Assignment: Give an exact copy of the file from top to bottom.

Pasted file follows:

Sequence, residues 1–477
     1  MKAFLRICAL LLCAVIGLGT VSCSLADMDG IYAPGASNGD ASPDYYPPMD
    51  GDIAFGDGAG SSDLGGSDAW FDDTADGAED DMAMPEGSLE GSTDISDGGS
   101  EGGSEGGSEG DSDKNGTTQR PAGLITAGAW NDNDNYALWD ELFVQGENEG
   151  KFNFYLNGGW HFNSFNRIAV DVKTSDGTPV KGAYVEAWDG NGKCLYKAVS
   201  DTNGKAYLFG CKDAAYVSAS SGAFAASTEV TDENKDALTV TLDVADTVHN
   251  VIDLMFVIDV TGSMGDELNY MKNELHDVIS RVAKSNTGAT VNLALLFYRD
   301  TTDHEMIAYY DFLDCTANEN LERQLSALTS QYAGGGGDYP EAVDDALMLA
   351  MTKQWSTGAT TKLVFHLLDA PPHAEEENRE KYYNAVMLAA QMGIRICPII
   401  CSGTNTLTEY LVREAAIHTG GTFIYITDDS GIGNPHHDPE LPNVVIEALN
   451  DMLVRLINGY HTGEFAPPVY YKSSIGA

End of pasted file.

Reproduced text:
Sequence, residues 1–477
     1  MKAFLRICAL LLCAVIGLGT VSCSLADMDG IYAPGASNGD ASPDYYPPMD
    51  GDIAFGDGAG SSDLGGSDAW FDDTADGAED DMAMPEGSLE GSTDISDGGS
   101  EGGSEGGSEG DSDKNGTTQR PAGLITAGAW NDNDNYALWD ELFVQGENEG
   151  KFNFYLNGGW HFNSFNRIAV DVKTSDGTPV KGAYVEAWDG NGKCLYKAVS
   201  DTNGKAYLFG CKDAAYVSAS SGAFAASTEV TDENKDALTV TLDVADTVHN
   251  VIDLMFVIDV TGSMGDELNY MKNELHDVIS RVAKSNTGAT VNLALLFYRD
   301  TTDHEMIAYY DFLDCTANEN LERQLSALTS QYAGGGGDYP EAVDDALMLA
   351  MTKQWSTGAT TKLVFHLLDA PPHAEEENRE KYYNAVMLAA QMGIRICPII
   401  CSGTNTLTEY LVREAAIHTG GTFIYITDDS GIGNPHHDPE LPNVVIEALN
   451  DMLVRLINGY HTGEFAPPVY YKSSIGA